I am glad of your ambition to practice and later teach genuine Shaolin kungfu and chi kung, or Taijiquan. If these arts are to survive — and they will — we must have not only genuine masters but also competent genuine instructors.
A good approach is to come here for an intensive course of a week. Please see Intensive Shaolin Kungfu Course for details. You have to continue practicing for at least six months what you have learnt in the course. Then, if you find it suitable, you can come for a second, more advanced course, and so on. Or I may go to your place to teach you.
It is understandable that many people will feel that one week of intensive course may not achieve much. This is true generally, but my intensive course is really special. You will be amazed at what you will achive. Javier, who is a Tai Chi instructor in Spain, is completing his intensive course today. I shall briefly describe what he has achieved in these few days.
When he first came, he slumped, despite his Tai Chi training (which he admitted was a dance). He had pain at his ankle and he, as he told me when I explained some relevant points, often felt depressed although there were no apparent reasons why he should be so.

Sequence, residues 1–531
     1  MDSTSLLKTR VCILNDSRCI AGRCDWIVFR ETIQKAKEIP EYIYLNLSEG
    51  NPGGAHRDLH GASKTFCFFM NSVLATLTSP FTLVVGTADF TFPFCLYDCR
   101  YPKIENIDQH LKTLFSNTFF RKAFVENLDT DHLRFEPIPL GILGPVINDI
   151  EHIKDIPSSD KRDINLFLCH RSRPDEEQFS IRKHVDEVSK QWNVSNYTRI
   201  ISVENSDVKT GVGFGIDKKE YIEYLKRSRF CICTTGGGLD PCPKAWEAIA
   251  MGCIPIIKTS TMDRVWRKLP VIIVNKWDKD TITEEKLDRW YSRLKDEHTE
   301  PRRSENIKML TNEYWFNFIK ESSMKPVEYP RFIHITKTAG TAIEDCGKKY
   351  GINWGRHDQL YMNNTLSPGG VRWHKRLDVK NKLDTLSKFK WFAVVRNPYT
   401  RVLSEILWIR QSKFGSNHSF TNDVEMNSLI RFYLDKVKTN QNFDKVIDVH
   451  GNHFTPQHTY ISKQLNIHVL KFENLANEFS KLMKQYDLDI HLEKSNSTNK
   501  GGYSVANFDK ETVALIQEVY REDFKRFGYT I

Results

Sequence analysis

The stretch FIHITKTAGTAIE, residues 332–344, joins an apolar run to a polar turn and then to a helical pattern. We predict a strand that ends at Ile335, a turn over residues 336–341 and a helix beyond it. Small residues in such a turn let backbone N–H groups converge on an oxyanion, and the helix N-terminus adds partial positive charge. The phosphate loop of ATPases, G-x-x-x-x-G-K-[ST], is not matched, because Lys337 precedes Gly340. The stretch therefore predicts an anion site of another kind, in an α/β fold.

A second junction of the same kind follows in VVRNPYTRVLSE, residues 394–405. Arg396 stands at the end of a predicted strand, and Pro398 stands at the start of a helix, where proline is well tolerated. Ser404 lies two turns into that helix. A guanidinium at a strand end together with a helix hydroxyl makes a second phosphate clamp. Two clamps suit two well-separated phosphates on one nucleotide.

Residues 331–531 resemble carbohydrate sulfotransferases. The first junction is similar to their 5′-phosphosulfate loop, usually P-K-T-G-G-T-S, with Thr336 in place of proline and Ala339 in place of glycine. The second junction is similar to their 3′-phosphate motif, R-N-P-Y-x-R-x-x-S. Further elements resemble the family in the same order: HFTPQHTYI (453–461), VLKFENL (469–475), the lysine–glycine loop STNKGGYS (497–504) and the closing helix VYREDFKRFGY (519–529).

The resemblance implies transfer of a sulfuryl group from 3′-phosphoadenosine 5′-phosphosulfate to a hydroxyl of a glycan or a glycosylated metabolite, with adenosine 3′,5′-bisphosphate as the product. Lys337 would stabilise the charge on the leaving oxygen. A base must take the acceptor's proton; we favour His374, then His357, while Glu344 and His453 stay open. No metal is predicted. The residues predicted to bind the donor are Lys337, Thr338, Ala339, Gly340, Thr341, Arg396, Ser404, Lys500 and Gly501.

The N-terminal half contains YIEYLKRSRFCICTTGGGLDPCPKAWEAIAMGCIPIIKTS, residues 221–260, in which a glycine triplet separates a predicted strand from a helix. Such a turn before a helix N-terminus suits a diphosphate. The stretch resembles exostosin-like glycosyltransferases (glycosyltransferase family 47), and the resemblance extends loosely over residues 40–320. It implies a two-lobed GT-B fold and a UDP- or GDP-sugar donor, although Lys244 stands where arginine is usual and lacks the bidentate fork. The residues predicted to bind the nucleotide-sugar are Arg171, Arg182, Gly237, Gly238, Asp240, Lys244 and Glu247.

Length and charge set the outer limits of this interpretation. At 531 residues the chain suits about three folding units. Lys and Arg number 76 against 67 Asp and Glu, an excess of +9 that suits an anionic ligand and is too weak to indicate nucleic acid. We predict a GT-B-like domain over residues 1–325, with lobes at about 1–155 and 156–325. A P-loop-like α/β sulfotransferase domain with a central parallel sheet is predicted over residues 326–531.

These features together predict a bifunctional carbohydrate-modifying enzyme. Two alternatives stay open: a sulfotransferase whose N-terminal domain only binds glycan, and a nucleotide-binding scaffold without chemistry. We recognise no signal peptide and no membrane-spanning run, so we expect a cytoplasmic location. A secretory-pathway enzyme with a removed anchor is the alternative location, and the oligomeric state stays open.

He now stands upright quite naturally, and the pain at his ankle has disappeared. During the last few days when he had vigorous spontaneous chi flow movement after his Taijiquan set practice, he felt pain in mnay parts of his body. I told him those were signs that his chi flow was clearing his energy blockage, especially at his heart meridian. It was this blockage at the heart meridian that made him depressed. Now with the blockage gone, he feels cheerful. He actually told me he felt the difference. He also told me that he had never felt so energized and powerful before. For example, he said that during a session, he felt tremendous energy charging down his arm. In another session, after doing Standing Meditation, he told me he felt he was a transformed person.